Bots are booming
Alpena first Michigan school to host two robotics events in one season
ALPENA — Alpena High School was notified last week that it will host not just one, but two For Inspiration and Recognition of Science and Technology (FIRST) Robotics district competitions this spring.
The high school will be the first school ever in Michigan to host two district competitions in the same season, teacher and robotics coach Melissa Doubek said.
After hosting a successful competition in April –the school’s first — the high school was notified a few weeks ago that it will host one competition in the spring. Because of unforseen circumstances during the final hours before the robotics district event calendar had to be released to the nation, Alpena High was asked to host a second event.
Event Director John Diamond said he received a phone call from FIRST President Gail Alpert on Thursday that FIRST was searching for a venue. Diamond asked if it was possible for Alpena to host the competition that week.
Conversations and meetings took place with Alpena Public Schools Superintendent John VanWagoner and Principal Thomas Berriman throughout Thursday and into Friday to see if the high school could accommodate hosting a second competition and, ultimately, the decision was made on Friday that the school will host the second competition.
“We were in a time crunch,” Diamond said. “It was a 24-hour process but we came to a decision pretty quickly.”
Doubek said having the opportunity to host two district events in the same season means that FIRST in Michigan has a lot of confidence with the leadership in the Alpena robotics program.
“I just thought that it showed that we came out of the gates that very first year in our first tournament and just the collaboration of all the different groups in Alpena that help us,” Doubek said. “It’s a big deal.”
Doubek said Alpena is now a growing source for science, technology, engineering, and mathematics (STEM) education and FIRST robotics.
Hosting two competitions will give AHS students lots of opportunities to see firsthand what happens at a FIRST robotics competition.
“It’s exciting for our student body to have that opportunity,” Doubek said.
To improve from last year’s competition, teams filled out a survey about their experience in Alpena. Diamond said the biggest takeaway was that people felt like they were valued and welcomed while they were in Alpena. Diamond said they will continue that this year and keep putting the guests first when they’re visiting the high school and Alpena.
Berriman said a challenge in the spring will be the first competition starting on the last day of school before spring break. The school will have to figure out parking and having more people in the school.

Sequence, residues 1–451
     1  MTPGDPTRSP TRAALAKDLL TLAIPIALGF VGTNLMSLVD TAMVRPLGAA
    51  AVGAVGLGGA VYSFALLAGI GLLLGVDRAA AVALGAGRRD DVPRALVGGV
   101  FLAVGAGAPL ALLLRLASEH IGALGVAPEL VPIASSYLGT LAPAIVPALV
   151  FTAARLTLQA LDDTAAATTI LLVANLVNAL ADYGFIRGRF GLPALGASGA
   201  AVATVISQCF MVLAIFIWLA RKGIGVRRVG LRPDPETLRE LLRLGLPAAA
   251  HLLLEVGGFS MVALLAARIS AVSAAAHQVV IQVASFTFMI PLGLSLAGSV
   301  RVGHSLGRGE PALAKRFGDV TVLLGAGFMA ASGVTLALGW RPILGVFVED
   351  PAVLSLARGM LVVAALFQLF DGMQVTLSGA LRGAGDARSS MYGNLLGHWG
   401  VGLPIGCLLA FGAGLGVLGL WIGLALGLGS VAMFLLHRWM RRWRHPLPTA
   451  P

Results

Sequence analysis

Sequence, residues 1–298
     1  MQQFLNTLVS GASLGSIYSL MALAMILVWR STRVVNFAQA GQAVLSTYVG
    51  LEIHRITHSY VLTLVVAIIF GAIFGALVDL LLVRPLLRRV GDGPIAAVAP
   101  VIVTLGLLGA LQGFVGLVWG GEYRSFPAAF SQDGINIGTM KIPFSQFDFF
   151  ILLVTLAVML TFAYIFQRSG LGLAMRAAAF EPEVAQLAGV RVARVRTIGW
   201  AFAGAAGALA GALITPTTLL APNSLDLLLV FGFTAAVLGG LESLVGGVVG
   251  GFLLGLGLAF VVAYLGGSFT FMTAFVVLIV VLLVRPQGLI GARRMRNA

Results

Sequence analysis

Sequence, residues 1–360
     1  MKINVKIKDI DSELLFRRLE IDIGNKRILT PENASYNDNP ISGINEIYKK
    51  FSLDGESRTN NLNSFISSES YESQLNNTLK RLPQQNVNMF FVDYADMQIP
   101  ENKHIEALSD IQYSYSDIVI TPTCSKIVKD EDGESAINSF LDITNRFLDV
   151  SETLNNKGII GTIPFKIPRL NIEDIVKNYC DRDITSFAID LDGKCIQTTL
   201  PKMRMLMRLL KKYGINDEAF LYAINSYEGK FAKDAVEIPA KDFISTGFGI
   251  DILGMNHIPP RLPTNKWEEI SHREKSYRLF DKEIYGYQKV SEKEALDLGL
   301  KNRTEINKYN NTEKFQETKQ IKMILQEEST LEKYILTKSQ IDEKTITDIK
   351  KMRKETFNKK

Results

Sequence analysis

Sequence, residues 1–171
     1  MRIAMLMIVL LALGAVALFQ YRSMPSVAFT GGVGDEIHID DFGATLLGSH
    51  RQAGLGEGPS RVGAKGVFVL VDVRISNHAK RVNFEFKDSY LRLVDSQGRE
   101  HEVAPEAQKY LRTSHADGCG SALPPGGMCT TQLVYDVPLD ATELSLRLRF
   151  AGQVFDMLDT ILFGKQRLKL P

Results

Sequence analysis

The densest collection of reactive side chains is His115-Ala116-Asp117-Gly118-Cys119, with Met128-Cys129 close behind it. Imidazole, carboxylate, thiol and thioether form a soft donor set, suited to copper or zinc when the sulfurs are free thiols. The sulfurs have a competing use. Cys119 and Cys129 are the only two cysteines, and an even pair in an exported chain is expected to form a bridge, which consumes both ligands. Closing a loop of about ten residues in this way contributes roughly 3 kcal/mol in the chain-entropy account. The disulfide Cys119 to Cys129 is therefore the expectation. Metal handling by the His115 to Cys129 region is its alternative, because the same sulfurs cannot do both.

“An advantage, though, is we can keep the field set up,” Beriman said. “We can keep it set up the whole week so we won’t have the issue of setup, cleanup, setup, cleanup, it’s just one setup and cleanup.”
The two competitions will take place on March 22 and 23 and March 29 and 30, with 40 teams competing in both competitions.
“It’s exciting and good for the local economy, hotels will be filled, restaurants will be filled,” Berriman said. “Once we get over the initial excitement, we kind of have to wrap our brain around how this is going to work.”
More volunteers will be needed to help with the competitions in the spring. The community will also see an impact because of how many people will be in the area for the competitions.
Alpena Area Chamber of Commerce President/CEO Jackie Krawczak said the chamber will help the high school with letting people stay at the Alpena Combat Readiness Training Center in the spring.
“That was the biggest responsibility last year and we also answered a lot of questions from people that are coming here,” she said. “They come and just want details about the community.”
By having 40 teams in the area, local businesses, restaurants, gas stations, and hotels saw an impact last year, Krawczak said. With two competitions taking place this year and 40 teams coming both weekends, all of the local companies will see an impact.
“Some people do spend time in our downtown shopping and even out on the M-32 corridor because it’s all right there by the high school,” she said. “Even though we don’t have numbers, the one thing that I noticed when I went there to help with the actual event, it was right before lunch time and people were walking in with stacks of pizza, Jimmy John’s, Mancino’s, so, looking at that alone, you can see the kind of impact it has.”
Along with the two competitions in the spring, the high school will host an offseason event Nov. 3 with 24 teams competing. The offseason event helps the high school prepare for what the actual competition will look like in the spring.
“We’re tremendously honored and obviously we’re doing something right,” Berriman said.
Julie Goldberg can be reached at firstname.lastname@example.org or 989-358-5688.